Cris Ericson on WNYT 2008

    Cris Ericson 2010 and 2004 C-Span

    Cris Ericson CCTV 2006, 2008, 2010

    • F. G. Sanford
      June 16, 2012 at 18:54

      NOBODY. The Viet Nam war protests really took off because rich peoples’ kids were getting drafted faster than they could arrange deferments. There is big money to be made on those privately owned “for-profit” prisons. As long as it’s just black and poor people doing time, it will go on forever. There is money to be made on the drugs,the legal system and the penal system. Until they start throwing rich white kids in the slammer, don’t expect any change. If it wasn’t for the ridiculous legal contortions caused by these laws, how many mediocre lawyers would be out of work overnight? Everybody that thinks banking is a scam ought to check out the legal system.

  2. Dan Huck
    June 16, 2012 at 00:14

    It’s a Republican talking: “The rights of people come before the rights of capital” Abraham Lincoln

    “The real issue in this country is the eternal struggle
    between these two principles—right and wrong—throughout
    the world. They are the two principles that have stood
    face to face from the beginning of time, and will ever continue
    to struggle. The one is the common right of humanity,
    and the other the divine right of kings. It is the same
    principle in whatever shape it develops itself. It is the same
    spirit that says, “You work and toil and earn bread and I’ll
    eat it.”

    Now it is the divine right of capitalists and plutocrats we are contending with.

  3. June 15, 2012 at 18:53

    At the inception of the United States’ “democracy” only white men with property could vote, hold office, be judges, jurors, etc.—a pattern typical of the ancient slave owner’s Greek state from which the concept of “democracy” was borrowed.

    Then consider the United States—a centuries old industry that has special forces and traders engaged in the capture of humans, has a whole industry that builds special transport ships for its human cargo, has specific insurance for the transport, has an industry that produces special iron forged instruments of containment and torture, has an international trade involving the production and sale of rum as the finance for the human cargo, has a whole religious, philosophical academic rationale for the industry, has special training camps and personnel for breaking the will of the captured, special brutalized work camps called plantations where the human cargo is also rented to other industries for building, coal mining, and has an entire society built on the premise of this industry for centuries.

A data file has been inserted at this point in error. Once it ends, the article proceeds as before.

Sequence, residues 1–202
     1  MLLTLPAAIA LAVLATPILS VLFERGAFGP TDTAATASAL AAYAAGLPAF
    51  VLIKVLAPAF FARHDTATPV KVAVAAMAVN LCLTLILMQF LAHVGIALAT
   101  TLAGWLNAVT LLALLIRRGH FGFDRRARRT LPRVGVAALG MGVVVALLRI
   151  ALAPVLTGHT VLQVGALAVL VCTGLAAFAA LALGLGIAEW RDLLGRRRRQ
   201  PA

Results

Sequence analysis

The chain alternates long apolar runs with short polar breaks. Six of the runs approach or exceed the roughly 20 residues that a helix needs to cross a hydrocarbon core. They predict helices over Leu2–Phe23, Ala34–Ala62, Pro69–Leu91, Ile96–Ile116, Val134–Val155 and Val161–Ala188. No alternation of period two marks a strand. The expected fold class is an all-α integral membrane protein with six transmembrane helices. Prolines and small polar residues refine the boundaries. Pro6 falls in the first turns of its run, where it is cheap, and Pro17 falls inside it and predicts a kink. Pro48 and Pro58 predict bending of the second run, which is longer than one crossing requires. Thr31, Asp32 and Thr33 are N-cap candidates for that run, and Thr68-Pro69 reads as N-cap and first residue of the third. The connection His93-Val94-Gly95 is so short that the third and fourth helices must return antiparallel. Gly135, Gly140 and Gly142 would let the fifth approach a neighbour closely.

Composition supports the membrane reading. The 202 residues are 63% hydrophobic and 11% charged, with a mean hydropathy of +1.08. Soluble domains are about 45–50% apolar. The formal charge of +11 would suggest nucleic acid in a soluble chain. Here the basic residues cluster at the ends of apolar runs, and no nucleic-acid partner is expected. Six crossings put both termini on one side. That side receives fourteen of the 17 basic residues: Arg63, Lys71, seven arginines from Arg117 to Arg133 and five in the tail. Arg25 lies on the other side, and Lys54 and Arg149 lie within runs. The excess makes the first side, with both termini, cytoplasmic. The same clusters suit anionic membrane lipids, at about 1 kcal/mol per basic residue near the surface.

Then the evolution of the vote for white men with property produces the present “democracy” where money is speech and the paper dolls we call corporations are persons.

  4. rosemerry
    June 15, 2012 at 16:45

    I am HUGELY grateful not to be an American, but even an outsider can gasp at the farce masquerading as democracy in the “land of the free”. Any government which goes out of its way to remove all power, resources, rights from the vast majority of its citizens and give them to the few who already have nearly all cannot even pretend to be democratic. How can anyone claim that the US Congress contains “Representatives” of human Mercans, when lobbies and billionaires run the show? How can a country survive when public education is gutted, “health care” has never been introduced except to special groups, environmental policy is run by corporations, middle and working class people have lost homes and retirement benefits, unions are destroyed and peace activists are imprisoned, while the rich enjoy their ill gotten gains by treading the faces of the 99% into the mud and laughing about it?